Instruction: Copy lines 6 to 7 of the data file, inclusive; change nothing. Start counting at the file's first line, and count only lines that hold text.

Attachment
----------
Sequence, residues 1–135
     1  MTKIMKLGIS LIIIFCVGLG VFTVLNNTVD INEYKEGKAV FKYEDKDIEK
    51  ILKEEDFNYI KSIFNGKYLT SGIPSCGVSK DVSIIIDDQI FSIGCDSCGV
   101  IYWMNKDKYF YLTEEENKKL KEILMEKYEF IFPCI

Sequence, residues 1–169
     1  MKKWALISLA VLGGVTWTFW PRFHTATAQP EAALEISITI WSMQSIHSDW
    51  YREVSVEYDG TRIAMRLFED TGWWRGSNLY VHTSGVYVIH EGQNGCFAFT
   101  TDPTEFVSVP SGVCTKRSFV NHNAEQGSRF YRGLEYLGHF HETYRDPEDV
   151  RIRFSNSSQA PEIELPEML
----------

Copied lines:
     1  MKKWALISLA VLGGVTWTFW PRFHTATAQP EAALEISITI WSMQSIHSDW
    51  YREVSVEYDG TRIAMRLFED TGWWRGSNLY VHTSGVYVIH EGQNGCFAFT